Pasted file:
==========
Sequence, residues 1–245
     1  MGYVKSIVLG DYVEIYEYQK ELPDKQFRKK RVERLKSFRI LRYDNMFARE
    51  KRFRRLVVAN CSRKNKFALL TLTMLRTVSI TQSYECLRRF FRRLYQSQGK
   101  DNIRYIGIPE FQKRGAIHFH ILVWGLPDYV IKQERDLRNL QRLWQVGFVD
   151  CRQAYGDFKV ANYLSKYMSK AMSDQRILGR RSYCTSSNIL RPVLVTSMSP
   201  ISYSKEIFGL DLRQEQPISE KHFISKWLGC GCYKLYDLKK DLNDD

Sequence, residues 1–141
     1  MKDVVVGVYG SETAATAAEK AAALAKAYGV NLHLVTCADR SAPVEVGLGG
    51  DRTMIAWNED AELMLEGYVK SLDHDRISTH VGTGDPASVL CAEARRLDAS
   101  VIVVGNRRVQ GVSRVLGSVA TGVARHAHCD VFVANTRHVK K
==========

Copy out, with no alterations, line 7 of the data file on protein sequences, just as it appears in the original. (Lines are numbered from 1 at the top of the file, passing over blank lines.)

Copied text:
Sequence, residues 1–141